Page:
DUKANE // Ultrasonic Welding and Cutting // Film&Fabric

Processing Techniques

Ultrasonic Bonding

Ultrasonic bonding assembles two or more layers of materials by passing them between a vibrating horn and a rotary drum (often referred to as ananvil). The rotary drum is usually made from hardened steel and has a pattern of raised areas machined into it.  The high frequency mechanical motion of the vibrating horn and the compressive force between the horn and the rotary drum create frictional heat at the point where the horn contacts the material(s). The frictional heat bonds the material together only at the horn/material contact points. This gives the bonded material a high degree of softness, breathability and absorption. These are the exact same properties which are critical for hospital gowns, sterile garments, diapers and other applications used in the medical industry and clean room environments.

Ultrasonic bonding requires far less energy than thermal bonding which uses heated rotary drums to bond materials together. As a result, ultrasonic bonding is economical and requires no consumables, adhesives or mechanical fasteners.


Ultrasonic Slitting

When a thermoplastic material is slit ultrasonically, its edges are also sealed. Sealing the edges of a woven fabric is beneficial because the yarns are prevented from unraveling and the smooth, beveled edges prevent buildup of the roll material. When two or more layers are ultrasonically slit together, the layers will become joined. The strength of the bond is determined by the material and anvil geometry.

Many factors influence the speed at which fabric can be ultrasonically slit. Some of the parameters are the geometry of the cutting wheel (anvil), the material composition, material weight and thickness.

Ultrasonic Plunge

In the plunge method, the material remains in a fixed location and is periodically contacted by the horn. The horn operates perpendicular to the material that is on the anvil. The horn can also be used to cut and seal. Typical plunge applications include but are not limited to: Filters | Strapping | Vertical Blinds | Bra Straps | Belt Loops | Buckles | Embossing | Hook and Loop.

Rotary Sealing

Dukane's Rotary 30kHz Ultrasonic Sonotrode (Horn) is ideal for sealing thin films and non woven materials. The unit can be easily integrated into automation. The Rotary horn design eliminates drag issues associated with conventional static ultrasonic sonotrodes. Ultrasonic bonding is a greener solution than conventional heat sealing as power consumption is greatly reduced, requires no adhesives and produces no smoke or fumes. Applications for the rotary horn include film sealing for packaging machines, bonding of nonwoven materials and many others.



Film & Fabric bonding, slitting and sealing

Fabric & film processing is the bonding, slitting, or sealing of fabrics and films containing thermoplastic material(s). Typical thermoplastic materials found in fabrics and films include acrylics, nylon, polyester, polyethylene, polypropylene, polyvinylchloride, and urethane. Products from the textile, apparel, nonwovens, packaging, medical and automotive industries all benefit from the fast, clean, and economical fabric & film processing techniques.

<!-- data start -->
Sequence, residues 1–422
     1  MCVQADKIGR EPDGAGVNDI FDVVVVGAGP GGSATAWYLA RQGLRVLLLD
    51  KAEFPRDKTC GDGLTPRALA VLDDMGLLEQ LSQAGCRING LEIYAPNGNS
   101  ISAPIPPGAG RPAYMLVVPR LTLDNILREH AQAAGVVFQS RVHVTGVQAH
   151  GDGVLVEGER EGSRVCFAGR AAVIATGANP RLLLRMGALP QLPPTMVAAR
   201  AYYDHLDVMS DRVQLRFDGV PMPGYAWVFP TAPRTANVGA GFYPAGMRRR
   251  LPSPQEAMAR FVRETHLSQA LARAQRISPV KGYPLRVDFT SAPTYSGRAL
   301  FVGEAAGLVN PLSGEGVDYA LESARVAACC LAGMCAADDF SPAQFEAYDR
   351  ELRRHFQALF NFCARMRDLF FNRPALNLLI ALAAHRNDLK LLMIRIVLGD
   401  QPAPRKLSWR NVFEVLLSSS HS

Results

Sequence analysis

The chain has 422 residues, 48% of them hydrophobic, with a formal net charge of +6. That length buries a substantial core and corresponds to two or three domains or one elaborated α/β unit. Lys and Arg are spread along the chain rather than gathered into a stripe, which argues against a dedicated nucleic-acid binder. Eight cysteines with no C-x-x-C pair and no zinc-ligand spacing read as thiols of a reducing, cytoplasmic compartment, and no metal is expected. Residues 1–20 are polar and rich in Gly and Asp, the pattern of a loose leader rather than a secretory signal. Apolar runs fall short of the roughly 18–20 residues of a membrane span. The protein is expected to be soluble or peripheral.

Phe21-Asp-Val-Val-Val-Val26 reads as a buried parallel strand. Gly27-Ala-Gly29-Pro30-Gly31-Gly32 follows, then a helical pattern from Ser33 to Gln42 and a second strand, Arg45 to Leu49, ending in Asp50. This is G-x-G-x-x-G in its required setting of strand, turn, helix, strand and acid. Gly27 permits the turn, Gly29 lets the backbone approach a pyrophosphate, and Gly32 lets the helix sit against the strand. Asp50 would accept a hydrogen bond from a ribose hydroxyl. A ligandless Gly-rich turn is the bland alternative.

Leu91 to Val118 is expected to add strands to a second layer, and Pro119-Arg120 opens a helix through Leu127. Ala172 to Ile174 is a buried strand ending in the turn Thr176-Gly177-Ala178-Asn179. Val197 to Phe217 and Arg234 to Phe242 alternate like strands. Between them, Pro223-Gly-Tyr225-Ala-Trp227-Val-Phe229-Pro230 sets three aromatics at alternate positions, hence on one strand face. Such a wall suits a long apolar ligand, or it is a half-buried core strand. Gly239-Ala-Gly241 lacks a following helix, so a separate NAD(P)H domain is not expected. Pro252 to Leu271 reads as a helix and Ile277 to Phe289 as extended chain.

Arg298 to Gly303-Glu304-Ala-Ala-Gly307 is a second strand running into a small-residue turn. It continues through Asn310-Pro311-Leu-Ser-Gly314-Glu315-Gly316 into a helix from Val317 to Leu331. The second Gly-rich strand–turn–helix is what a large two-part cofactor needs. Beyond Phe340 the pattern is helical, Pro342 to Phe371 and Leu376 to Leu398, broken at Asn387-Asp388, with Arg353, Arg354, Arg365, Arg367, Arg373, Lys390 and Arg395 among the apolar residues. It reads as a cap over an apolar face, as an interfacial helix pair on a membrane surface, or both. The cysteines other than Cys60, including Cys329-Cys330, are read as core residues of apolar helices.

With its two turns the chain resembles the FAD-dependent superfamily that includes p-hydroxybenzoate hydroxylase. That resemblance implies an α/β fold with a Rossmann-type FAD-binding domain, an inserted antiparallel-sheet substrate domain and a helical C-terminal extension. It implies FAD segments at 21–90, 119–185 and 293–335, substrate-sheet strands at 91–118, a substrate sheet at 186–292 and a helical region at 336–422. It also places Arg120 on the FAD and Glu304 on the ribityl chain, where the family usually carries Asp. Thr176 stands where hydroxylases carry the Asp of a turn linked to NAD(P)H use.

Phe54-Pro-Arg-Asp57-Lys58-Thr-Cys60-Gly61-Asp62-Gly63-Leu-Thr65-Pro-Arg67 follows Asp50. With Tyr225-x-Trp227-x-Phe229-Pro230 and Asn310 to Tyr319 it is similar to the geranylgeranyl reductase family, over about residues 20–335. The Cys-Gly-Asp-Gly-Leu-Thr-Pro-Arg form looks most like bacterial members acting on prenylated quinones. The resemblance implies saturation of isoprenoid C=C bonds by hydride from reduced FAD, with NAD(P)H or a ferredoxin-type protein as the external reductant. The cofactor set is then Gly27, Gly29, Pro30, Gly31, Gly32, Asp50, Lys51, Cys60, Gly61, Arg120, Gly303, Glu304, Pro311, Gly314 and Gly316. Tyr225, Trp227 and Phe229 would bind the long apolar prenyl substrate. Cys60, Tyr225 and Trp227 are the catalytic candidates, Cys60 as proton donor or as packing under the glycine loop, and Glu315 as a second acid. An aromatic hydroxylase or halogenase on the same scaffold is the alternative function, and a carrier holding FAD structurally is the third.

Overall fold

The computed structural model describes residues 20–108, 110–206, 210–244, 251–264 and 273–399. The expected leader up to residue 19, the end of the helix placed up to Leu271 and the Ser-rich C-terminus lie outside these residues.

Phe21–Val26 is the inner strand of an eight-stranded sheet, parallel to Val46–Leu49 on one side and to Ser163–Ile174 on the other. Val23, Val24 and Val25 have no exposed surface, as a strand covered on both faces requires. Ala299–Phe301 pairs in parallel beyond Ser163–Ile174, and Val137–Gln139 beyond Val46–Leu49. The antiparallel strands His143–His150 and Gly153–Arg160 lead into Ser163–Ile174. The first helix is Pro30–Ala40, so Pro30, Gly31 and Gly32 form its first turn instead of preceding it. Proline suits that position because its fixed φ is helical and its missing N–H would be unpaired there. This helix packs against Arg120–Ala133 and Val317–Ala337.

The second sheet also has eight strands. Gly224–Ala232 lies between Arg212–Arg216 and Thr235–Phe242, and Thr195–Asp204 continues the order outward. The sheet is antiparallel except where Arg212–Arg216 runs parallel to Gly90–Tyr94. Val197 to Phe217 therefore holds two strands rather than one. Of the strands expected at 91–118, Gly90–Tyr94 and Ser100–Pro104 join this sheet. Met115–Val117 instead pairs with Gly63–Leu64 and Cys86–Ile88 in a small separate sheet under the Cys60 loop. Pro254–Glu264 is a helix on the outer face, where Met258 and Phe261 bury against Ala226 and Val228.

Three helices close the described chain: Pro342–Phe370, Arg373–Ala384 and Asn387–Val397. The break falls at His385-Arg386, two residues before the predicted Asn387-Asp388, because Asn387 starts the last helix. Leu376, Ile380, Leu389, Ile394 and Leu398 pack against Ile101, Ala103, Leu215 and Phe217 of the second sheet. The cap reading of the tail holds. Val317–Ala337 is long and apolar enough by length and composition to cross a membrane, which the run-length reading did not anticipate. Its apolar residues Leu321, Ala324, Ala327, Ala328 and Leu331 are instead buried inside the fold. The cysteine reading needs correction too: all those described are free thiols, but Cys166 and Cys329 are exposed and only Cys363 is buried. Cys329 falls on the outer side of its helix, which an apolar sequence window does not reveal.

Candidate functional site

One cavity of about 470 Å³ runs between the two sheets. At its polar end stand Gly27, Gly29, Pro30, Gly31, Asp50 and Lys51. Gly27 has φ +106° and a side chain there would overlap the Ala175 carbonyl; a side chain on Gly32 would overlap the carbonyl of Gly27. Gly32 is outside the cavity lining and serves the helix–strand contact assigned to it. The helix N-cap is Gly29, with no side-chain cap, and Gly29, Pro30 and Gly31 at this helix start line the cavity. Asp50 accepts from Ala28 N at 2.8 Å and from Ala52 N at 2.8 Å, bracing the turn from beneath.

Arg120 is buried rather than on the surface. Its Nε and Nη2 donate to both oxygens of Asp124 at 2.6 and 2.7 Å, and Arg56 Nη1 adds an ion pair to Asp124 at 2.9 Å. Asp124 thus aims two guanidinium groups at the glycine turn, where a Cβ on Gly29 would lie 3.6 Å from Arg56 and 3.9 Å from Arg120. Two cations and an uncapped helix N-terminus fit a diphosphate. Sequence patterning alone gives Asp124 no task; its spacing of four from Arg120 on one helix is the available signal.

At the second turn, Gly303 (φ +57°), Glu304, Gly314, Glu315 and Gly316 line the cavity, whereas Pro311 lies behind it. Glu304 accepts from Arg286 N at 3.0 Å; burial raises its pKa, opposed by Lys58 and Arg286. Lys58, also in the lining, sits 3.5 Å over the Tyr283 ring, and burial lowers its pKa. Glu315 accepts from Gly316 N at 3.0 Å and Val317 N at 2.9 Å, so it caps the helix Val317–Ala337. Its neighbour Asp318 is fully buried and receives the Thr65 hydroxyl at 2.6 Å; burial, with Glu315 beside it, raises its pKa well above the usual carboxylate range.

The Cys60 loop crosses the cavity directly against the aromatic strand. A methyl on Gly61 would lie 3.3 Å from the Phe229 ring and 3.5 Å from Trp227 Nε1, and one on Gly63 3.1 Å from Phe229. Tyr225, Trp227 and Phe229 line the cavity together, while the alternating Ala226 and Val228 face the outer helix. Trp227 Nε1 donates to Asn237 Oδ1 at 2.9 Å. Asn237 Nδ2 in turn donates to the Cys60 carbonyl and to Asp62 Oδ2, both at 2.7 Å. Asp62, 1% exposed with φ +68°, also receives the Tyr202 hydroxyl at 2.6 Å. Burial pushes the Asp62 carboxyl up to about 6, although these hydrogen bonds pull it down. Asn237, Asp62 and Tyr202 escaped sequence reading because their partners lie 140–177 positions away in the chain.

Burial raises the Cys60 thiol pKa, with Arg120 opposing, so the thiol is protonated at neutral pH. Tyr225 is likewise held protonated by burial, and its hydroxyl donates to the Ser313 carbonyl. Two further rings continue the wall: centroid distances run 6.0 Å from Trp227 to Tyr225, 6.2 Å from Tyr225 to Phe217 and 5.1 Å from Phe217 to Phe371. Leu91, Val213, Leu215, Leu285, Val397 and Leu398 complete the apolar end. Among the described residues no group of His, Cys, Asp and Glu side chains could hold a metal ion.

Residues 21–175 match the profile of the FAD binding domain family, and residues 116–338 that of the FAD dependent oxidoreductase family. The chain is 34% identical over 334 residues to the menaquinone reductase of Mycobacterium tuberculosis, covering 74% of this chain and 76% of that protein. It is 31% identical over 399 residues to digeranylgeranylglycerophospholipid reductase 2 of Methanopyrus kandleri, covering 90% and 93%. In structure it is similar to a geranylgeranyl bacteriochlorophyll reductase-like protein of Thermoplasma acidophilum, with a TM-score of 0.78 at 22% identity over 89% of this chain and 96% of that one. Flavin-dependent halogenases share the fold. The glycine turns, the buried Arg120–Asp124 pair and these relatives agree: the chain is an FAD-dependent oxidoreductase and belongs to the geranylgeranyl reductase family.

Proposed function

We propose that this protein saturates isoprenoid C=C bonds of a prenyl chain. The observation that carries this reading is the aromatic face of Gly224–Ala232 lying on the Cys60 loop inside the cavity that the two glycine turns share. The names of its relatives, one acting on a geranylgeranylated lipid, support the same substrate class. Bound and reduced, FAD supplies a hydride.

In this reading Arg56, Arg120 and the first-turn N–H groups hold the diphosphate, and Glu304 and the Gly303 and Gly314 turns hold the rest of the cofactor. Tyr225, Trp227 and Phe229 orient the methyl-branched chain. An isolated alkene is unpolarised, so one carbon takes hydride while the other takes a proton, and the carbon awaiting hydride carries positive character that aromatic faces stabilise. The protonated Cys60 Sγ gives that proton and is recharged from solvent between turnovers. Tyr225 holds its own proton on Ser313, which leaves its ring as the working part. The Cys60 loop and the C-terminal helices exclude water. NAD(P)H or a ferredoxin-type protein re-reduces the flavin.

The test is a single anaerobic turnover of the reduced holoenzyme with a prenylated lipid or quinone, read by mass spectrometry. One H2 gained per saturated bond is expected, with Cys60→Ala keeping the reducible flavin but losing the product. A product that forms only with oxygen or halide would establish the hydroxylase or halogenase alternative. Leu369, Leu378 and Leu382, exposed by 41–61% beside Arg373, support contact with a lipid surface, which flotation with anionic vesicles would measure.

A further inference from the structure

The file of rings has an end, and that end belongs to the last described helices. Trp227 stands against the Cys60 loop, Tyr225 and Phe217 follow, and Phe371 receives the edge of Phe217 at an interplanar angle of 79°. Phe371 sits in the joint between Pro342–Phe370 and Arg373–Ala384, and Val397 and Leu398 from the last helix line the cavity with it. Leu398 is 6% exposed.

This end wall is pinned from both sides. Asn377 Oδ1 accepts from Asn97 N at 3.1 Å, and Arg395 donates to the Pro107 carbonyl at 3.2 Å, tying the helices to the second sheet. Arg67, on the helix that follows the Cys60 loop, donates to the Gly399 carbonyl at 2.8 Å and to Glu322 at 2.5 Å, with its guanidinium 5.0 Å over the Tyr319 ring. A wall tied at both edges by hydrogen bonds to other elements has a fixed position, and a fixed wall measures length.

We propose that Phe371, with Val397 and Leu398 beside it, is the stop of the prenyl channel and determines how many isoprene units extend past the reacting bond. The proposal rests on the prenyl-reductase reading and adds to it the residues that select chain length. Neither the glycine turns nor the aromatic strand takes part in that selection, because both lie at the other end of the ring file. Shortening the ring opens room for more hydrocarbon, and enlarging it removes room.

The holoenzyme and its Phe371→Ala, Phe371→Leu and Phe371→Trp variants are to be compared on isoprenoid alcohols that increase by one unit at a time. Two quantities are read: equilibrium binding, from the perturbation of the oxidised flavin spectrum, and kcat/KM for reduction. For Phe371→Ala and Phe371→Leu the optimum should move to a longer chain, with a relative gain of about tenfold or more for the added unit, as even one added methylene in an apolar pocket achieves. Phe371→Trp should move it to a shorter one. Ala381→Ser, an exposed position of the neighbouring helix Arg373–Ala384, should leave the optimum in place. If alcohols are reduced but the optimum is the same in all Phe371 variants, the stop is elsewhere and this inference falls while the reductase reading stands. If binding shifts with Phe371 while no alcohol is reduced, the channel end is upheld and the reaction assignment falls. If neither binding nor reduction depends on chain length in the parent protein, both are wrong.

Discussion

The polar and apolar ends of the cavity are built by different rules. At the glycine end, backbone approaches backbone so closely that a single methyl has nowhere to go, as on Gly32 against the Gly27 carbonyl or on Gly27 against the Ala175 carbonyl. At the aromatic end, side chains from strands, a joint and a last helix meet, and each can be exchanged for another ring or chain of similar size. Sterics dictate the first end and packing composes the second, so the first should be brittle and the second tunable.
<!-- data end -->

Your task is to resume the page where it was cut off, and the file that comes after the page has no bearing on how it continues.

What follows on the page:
You may not realize it, but ultrasonic film applications are all around you everyday.
  • mattress pads
  • seat belts
  • rainwear
  • tamper-proof seals
  • carpet backing
  • blister packs
  • disposable medical garments
  • juice cartons
  • outdoor furniture
  • bottle cap liners
  • automotive applications

Fabrics and films used in the nonwoven, medical, filtration, textile and packaging industries can be processed using ultrasonic energy. Several of the common techniques applied are ultrasonic rotary/continuous bonding, ultrasonic slitting, plunge and traversing.


Ultrasonic Welding - Film & Fabric




Many factors influence the weldability of the various fabric and film types.


Fabrics - Woven

Formed by the regular interleaving of filaments or yarns, in two directions perpendicular to one another

Factors Influencing Weldability
Thread density, tightness of weave and uniformity of material thickness. Weld strength may vary due to the perpendicular orientation of filaments or yarns.


Fabrics - Nonwovens

Formed by bonding and/or interlocking fibers, yarns or filaments by mechanical, thermal or solvent means.

Factors Influencing Weldability
Uniformity of material thickness and thermoplastic content. The random orientation of fibers gives nonwovens excellent strength.


Fabrics - Knits

Formed by interconnecting continuous loops of filaments or yarns

Factors Influencing Weldability
Thermoplastic content, style of knit and elasticity of material. Elasticity of knits may affect the trueness of the weld in continuous processing resulting in a scalloped effect.


Fabrics - Coated Materials

Fabrics and films covered with a layer of thermoplastic such as polyethylene or urethane. The base material need not be thermoplastic (e.g. coated cardboard)

Factors Influencing Weldability
Coating material and its thickness


Fabrics - Laminates

Fabrics and films consisting of two or more dissimilar layers in a sandwich form.

Factors Influencing Weldability
The mating surface should have a lower melting temperature than the other layers.



Formed from the thermoplastic material which has been cast, extruded or blown into a film, generally under 0.01 inch (0.25mm) thick.

Factors Influencing Weldability
Film thickness, density and thermoplastic material characteristics.